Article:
Austrian far-right Hofer wants to suspend naturalization of Turks, says ‘Auxit’ still possible
Hofer said that he “very much advocates the demand” to break off the EU accession talks with Turkey, as he launched his campaign in the re-run presidential election by giving an interview to the Oesterreich daily.
He said that the accession talks do not help the EU to make Turkey more western-oriented, adding that this strategy “does not work” anymore.
“It would be right to tell Turkey absolutely honestly that this country is so big and has such a different culture that the Union would not cope with its accession,” he told the Oesterreich daily. At the same time, he called on both Europe and Turkey to show more restraint in debates over the issue. He said it would be “wrong” to stir up controversy, thus provoking an unnecessary conflict.
Hofer also expressed his concern over the issue of potential “double loyalty” of some Austrian citizens of Turkish origin in the view of the recent massive demonstrations in Europe in support of Turkish President Recep Tayyip Erdogan.
“From a legal point of view, [rallies] are allowed if they are approved by the authorities and no violent incidents occur. However, we must also reflect on what is happening: 5,000 Turks – and that is an effective strength of a brigade – took to our streets, well organized and with flags, just within hours,” Hofer said, adding repeatedly that such demonstrations were “organized,” meaning that the people were actually “mobilized” for the events.
In this regard, he also said it is necessary to know how many Turks who were granted citizenship in Austria have also retained their Turkish citizenship, which is illegal under Austria’s strict dual citizenship laws.
“If someone wants [Austrian] citizenship, he must become an Austrian and feel like an Austrian,” he said, and called for a ban on granting Austrian citizenship to Turks until Ankara provides information on who has double citizenship. He also proposed to review the cases of all Turks who were previously granted citizenship in Austria.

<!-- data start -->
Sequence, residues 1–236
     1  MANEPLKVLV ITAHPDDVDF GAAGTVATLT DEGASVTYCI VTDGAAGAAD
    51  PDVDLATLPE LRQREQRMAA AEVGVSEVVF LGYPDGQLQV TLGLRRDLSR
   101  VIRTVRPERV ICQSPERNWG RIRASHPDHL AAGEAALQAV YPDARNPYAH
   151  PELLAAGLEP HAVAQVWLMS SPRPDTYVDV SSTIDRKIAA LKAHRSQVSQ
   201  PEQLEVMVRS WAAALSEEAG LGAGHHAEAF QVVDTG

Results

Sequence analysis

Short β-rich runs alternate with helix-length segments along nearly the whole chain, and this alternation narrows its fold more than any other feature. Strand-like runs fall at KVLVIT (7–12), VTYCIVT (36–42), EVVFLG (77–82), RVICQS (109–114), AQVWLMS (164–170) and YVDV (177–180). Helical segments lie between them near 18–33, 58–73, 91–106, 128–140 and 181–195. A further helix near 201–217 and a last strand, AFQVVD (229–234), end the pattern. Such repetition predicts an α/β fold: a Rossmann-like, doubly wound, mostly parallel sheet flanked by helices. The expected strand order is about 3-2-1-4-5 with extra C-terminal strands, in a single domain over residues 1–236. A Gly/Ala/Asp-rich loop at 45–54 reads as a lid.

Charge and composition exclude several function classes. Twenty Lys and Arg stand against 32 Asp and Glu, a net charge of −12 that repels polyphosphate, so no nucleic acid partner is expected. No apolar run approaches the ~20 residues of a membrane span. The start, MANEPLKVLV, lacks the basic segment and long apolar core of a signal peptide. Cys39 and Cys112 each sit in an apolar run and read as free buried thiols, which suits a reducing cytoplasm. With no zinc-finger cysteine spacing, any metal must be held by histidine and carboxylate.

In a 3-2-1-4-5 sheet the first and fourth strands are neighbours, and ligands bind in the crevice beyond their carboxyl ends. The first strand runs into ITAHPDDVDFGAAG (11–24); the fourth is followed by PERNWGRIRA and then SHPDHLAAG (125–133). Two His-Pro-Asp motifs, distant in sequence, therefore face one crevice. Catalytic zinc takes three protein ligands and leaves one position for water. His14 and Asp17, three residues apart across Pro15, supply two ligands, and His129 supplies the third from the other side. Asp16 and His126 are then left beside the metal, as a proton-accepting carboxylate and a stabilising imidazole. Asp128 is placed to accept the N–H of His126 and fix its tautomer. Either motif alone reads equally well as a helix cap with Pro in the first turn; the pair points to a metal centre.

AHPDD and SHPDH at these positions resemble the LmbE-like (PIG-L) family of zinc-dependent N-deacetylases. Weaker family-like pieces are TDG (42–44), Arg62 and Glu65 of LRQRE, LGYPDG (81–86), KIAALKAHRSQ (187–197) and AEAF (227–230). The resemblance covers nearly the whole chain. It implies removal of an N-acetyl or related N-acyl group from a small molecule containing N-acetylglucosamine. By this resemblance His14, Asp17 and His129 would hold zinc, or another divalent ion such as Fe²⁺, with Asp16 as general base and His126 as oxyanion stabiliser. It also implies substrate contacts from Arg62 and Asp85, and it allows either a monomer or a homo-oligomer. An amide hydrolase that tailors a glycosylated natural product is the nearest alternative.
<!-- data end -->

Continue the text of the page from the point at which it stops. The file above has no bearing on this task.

Addressing the issue of Turkey potentially pulling out of the refugee deal with the EU, Hofer said that, if it happens, the EU will have to “fulfill the agreements at last and really provide security to its external borders.” He also stressed that asylum seekers trying to reach Europe by sea should be rescued and then sent back, adding that asylum processing facilities and refugee centers should be also “moved out of Europe.”
Hofer said he supports the idea of introduction of a burqa ban in Austria and believes “it makes sense.”
Brexit is ‘democratic decision,’ Auxit could still be possible
Commenting on Austria’s possible exit from the European Union, Hofer said he would personally advocate such a move in two cases: if Turkey joins the EU, or if Brussels takes any more powers from the member states and gives them to the Union’s supranational bodies.
In early July, Hofer already told RT that Austria will stay in the EU only if Turkey stays out. Hofer also warned that Austria could hold its own referendum on EU membership within a year if the bloc insists on political “centralization.”
Hofer said that he is against any further centralization within the EU, and supports the idea of a “subsidiary” union. He also said that the UK’s decision to leave the EU shows that the bloc’s current policies are wrong.
“Brexit is Brexit and it should be taken into account. It would be a mistake to believe that the Union could continue [with its policies] and get away with it,” he said.
Hofer also said that it is too early to say if Brexit was a wrong decision for the UK itself, stressing that it could be seen only in 10 years. At the same time, he stressed that it was the will of the people.
“Great Britain is an old well-established democracy and democratic decisions should be taken into account,” Hofer said.
At the same time, Hofer distanced himself from other Eurosceptic and right-wing politicians in other EU member states, such as Marine le Pen in France and Geert Wilders in Netherlands. Although he called them and their parties “patriots,” he said that the FPO does not agree with them on all points.
Hofer also said he would suspend his FPO membership if elected and will focus on working in the interests of all Austrians.
Hofer is leading in the first polls conducted ahead of a repeat of the Austrian presidential election, which is due to be held in October. The FPO candidate received 52 percent of support from respondents, according to a Gallup poll, commissioned by the Oesterreich newspaper in late July.
Hofer was defeated narrowly by Alexander Van der Bellen, a Green-backed independent, in the presidential run-off in May, but those election results were cancelled by the Constitutional Court, which declared them void in the view of reported irregularities in the procedure of counting postal ballots.